How this differs from v1: This is the same screen that you used to get if you long pressed the “Start” button. We have removed all of the long presses, as well as the possibility of inadvertently starting, stopping or pausing a timer by selecting an unlabeled/unintuitive option. If you want to start a timer with the default options, just press the SELECT (middle) button on the watch while “Start Timer” is highlighted. This adds one extra button press to the process of starting a timer with the default options, but it removes all of the possible confusion.

 

 

 

pebble-screen_06pebble-screen_07Selecting a Client from those retrieved from the phone. You will see this screen if, when you are starting a timer, you want to select a new Client. This screen will contain a list of Clients that you have in your phone app. There are similar screens for selecting new Categories and Jobs.

 

How this differs from v1: This is the same screen that you would get previously if you long pressed the “Start” button and then selected “Client.”

 

 

 

 

 

pebble-screen_04Main Screen, part 2. Scroll down to select options for running or paused timers.

 

How this differs from v1: This is a completely new addition to the main screen screen. Managing running and paused timers used to be hidden behind long presses.

 

 

 

 

 

pebble-screen_08See details of a running timer and pause, stop or delete it. You get to this screen by selecting a running timer on the main screen.

 

How this differs from v1: This is a completely new screen. You previously had to long press the DOWN button, and then know the difference between a long press and a short press of the SELECT button to stop, pause or resume a timer from this screen. You are now presented with easy to understand icons next to the buttons that perform each of the possible choices. In this case, those choices are Pause, Stop and Delete.

 

 

 

 

 

pebble-screen_09See details of a paused timer and resume or delete it. You get to this screen by selecting a paused timer on the main screen.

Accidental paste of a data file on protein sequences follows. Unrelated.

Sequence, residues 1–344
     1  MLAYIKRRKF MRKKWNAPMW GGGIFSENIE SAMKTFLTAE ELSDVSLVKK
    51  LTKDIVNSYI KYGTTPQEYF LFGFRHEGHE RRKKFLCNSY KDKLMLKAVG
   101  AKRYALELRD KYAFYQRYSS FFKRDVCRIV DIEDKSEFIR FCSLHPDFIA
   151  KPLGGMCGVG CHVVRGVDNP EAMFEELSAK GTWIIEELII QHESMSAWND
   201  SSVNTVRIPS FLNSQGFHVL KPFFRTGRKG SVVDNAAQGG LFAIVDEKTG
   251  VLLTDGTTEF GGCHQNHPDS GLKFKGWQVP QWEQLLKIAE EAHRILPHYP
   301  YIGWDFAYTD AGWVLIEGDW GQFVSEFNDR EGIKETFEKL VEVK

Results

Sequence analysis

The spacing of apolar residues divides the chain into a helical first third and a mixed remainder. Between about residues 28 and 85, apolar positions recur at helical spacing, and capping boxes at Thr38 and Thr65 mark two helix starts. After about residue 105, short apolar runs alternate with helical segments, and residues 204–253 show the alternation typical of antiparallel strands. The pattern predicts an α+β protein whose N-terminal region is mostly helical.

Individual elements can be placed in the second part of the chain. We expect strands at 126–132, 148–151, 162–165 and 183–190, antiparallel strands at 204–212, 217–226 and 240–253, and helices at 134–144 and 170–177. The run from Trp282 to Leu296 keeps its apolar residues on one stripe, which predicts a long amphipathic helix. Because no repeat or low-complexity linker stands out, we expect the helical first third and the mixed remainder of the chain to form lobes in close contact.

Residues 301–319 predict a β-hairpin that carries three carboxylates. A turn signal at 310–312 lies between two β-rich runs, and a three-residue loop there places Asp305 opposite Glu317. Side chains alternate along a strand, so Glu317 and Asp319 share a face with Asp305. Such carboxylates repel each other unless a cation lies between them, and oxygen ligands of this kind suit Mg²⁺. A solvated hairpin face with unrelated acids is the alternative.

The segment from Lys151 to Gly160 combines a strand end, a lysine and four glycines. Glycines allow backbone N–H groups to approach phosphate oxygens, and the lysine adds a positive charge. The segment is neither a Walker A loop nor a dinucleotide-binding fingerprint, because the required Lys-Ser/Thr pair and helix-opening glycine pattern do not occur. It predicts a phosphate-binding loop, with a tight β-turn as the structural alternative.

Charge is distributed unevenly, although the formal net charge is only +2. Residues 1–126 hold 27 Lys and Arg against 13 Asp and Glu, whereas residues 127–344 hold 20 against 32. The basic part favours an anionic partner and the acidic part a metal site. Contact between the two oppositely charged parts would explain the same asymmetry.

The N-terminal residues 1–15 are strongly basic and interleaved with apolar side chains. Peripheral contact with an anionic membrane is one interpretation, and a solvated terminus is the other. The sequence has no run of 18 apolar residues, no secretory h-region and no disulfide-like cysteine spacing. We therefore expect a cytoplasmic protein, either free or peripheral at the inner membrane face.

How this differs from v1: Just like the previous screen, this is completely new with this version of TimeLogger. As a matter of fact, this screen is nearly identical to the one immediately above, but since this timer is paused (as opposed to “running”), your choices are Resume and Delete.

 

 

 

 

 

pebble-screen_10pebble-screen_11Progress bars and confirmations. When data is being transferred from your phone to your watch, this first screen will appear. Whenever you stop, pause, resume or delete a timer, you will see a confirmation screen.

 

How this differs from v1: Confirmation screens were in the previous version of the app, but the progress bar is a new addition. If your bluetooth connection is particularly slow or you have a lot of items to transfer from your phone to your watch (if you are loading a long list of categories, for example), there was previously no indication of how much time you should expect to wait for that list to arrive on your watch. If it took more than a couple of seconds, it becomes disconcerting, and many people felt like it wasn’t loading, so they would push buttons on their watch again. For those load operations, we have added a progress bar so that you know that something is happening and have an idea about how long you should expect to wait. Most of these operations take place within a couple of seconds, but we thought it would be nice to provide immediate feedback.

 

TimeLogger is already getting pretty close to the resource limits available on the watch, but there’s more to come as more and more of these watches get onto people’s wrists and the capabilities continue to improve.

If you need to track and report your time, there’s no better way to do it than from your watch. We’re very proud to have made the first productivity app for the Pebble smartwatch, and are excited about the latest update to the TimeLogger feature set. It will be awesome to see all the cool new features that will be coming in watch apps. Be sure to get a copy of TimeLogger or TimeLogger Free from the App Store and get the Pebble watch app for free.

And as I like to close these things… If TimeLogger is making the tedium of tracking your time better, please take a few minutes to leave a rating or review on the App Store. Positive reviews go a long way in helping little companies like ours continue to improve the products that we hope you use and love as much as we do.